Learn about how to get a mortgage with bad credit, the best lenders for bad credit mortgages, and current bad credit mortgage rates.

Missed payments (defaults)

Failing to make payments on time – either on bills or on outstanding debts – can be recorded as a default on your credit history. However, not all defaults are equally bad.

Generally, missing a mortgage payment is considered one of the worst types of default. Lenders are likely to be reluctant to lend to a person who has missed a mortgage payment at any point.

By contrast, missing payments for other types of bills may be considered less serious, though still to be avoided. Quantity is also relevant: not paying your phone bill for six months running will be seen more negatively than missing a single month.

If you have a series of payment defaults, your best option is to build up a history of paying bills and loans fully and on time. Lenders will want to see a prolonged period – up to two years – where you have met your repayments as evidence of your improved financial management.

Some banks offer ‘payment holidays’, where you can opt out of paying your loans for a fixed period. In some cases, however, these suspended payments may be recorded on your history as defaults. If this happens to you, contact your bank to negotiate having them removed.


Debt management plans or IVAs

If you are in severe debt, a debt management plan may help you climb out of the hole. Under these plans, you come to an agreement with your creditor to repay a limited amount of your debt each month.

Alternatively, you can seek out an individual voluntary agreement, or IVA, which allows you to make affordable payments towards your debt over the long term, often five to six years. IVAs are recorded in a public register and while you have one in place, your creditors can’t demand full repayment.

On your credit file, however, both IVAs and debt management plans are usually recorded as a series of defaults. Each month you fail to meet your minimum payment, your credit history takes a hit. This can have a severe impact on your overall credit score.

In general, banks will look for your debt management plan to have been fully paid out, followed by 12 months of on-time payments, before considering offering a mortgage.

In the case of IVAs, you may need to wait three to four years after completing the plan before applying for a mortgage.


County court judgments (CCJs)

A county court judgment, or CCJ, can be ordered against you if you owe somebody money and fail to pay it. A CCJ will stay on your record for six to seven years, and can be made for even minor sums.

Banks will consider the amount ordered against you in the County Court when deciding on your mortgage application. Some banks use thresholds to make their decision, so that a CCJ for £250 to £500 will be treated differently from one for more than £1,000.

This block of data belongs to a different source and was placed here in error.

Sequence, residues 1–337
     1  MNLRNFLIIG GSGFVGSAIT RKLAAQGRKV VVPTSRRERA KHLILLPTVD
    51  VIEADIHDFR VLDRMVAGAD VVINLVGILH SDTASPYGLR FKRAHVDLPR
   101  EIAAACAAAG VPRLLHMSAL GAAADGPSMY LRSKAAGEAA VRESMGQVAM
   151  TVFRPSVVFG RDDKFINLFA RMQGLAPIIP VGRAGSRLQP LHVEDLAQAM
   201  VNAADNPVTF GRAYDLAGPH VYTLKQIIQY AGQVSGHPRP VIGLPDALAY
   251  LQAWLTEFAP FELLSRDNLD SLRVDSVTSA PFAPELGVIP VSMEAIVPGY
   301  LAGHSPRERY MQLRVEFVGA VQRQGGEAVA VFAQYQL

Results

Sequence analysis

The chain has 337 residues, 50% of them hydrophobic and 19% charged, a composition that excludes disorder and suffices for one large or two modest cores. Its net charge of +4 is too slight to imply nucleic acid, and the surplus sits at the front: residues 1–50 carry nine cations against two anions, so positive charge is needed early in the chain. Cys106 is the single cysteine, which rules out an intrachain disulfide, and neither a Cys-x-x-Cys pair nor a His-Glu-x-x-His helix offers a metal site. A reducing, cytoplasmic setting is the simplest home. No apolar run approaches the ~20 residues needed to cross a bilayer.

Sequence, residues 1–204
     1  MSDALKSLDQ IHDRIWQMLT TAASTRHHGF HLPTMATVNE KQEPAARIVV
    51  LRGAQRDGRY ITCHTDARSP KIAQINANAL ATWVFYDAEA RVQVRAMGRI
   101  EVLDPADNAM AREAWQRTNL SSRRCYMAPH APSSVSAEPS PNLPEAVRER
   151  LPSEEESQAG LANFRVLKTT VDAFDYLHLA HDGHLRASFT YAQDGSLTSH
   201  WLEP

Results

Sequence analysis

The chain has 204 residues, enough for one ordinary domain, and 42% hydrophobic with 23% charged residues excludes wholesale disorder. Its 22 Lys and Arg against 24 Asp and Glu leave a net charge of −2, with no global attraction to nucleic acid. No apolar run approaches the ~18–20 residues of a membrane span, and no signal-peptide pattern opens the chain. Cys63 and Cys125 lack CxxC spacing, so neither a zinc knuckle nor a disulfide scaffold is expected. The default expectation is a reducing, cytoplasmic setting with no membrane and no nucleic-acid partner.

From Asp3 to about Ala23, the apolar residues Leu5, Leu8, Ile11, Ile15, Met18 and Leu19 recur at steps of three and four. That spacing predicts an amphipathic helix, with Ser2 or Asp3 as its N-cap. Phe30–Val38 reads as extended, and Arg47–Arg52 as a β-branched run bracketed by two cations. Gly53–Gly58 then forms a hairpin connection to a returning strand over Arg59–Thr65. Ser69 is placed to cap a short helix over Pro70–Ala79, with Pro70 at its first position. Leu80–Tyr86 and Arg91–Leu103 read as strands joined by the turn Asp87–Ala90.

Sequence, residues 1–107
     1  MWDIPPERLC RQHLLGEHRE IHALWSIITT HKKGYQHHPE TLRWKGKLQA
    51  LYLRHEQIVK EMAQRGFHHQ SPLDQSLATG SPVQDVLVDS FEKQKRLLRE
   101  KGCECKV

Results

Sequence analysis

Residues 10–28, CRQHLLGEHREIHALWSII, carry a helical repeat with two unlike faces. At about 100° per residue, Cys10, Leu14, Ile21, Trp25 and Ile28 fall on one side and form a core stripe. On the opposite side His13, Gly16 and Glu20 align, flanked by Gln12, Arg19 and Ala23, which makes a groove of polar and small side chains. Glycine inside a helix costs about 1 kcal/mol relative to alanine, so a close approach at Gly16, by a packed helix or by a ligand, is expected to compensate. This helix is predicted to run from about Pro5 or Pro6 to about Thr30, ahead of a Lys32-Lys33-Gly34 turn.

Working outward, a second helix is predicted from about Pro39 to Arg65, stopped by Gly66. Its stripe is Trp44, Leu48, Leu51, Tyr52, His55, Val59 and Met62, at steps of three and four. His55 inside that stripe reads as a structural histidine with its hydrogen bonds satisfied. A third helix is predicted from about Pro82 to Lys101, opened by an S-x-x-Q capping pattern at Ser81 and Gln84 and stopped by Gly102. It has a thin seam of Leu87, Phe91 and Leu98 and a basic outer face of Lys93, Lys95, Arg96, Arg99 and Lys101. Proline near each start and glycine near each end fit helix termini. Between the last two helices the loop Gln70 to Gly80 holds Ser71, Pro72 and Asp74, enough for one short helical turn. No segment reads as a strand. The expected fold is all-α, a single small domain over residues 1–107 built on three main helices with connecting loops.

In most cases, even high-street lenders may accept a CCJ on your record if it is over three years old and paid out or ‘fully satisfied’. On the other hand, a ‘partially satisfied’ CCJ – meaning a debt where only a portion has been paid back – is likely to damage your chances.

When facing a CCJ, always try to pay off the sum in full. Even if the creditor agrees to settle for a smaller amount, the CCJ may be recorded as ‘partially satisfied’ on your record and could potentially count against your mortgage application.



In dire circumstances, declaring yourself bankrupt may be your only option. Most high street lenders will refuse to lend to people with a bankruptcy on their record, even if it happened in the distant past.

Specialist lenders may consider your application if the bankruptcy is discharged and occurred more than six years ago. Your chances will be higher if you can offer an explanation for what happened and show how your circumstances and financial management have improved since then.

Checking your credit score

Whether or not you think these factors apply to you, you should always check out your credit report before applying for a mortgage.

The three biggest organisations for this are TransUnion (formerly Callcredit), Equifax and Experian. If you’re concerned, it’s worth checking how you fare with all three companies, as they all score slightly differently.

Once you have your report(s), consider what you can do to improve your credit rating, and check that all the information on record about you is correct.

In some cases, it will be better to wait until your credit history has improved so you can access more affordable mortgage deals. A good mortgage broker will be able to advise you on what mortgage deals you’re likely to be accepted for or whether you’re better off waiting.

It’s worth being cautious about applying for a mortgage if you think you might be rejected. Every time you make an application for credit, it gets recorded on your credit history, and unsuccessful applications can bring down your score.

If you’re applying for a mortgage in principle, lenders may be able to conduct a ‘soft check’, which does not show up on your record. However, be aware that a soft check may not uncover everything in your history, so your mortgage application could fail if issues come to light later.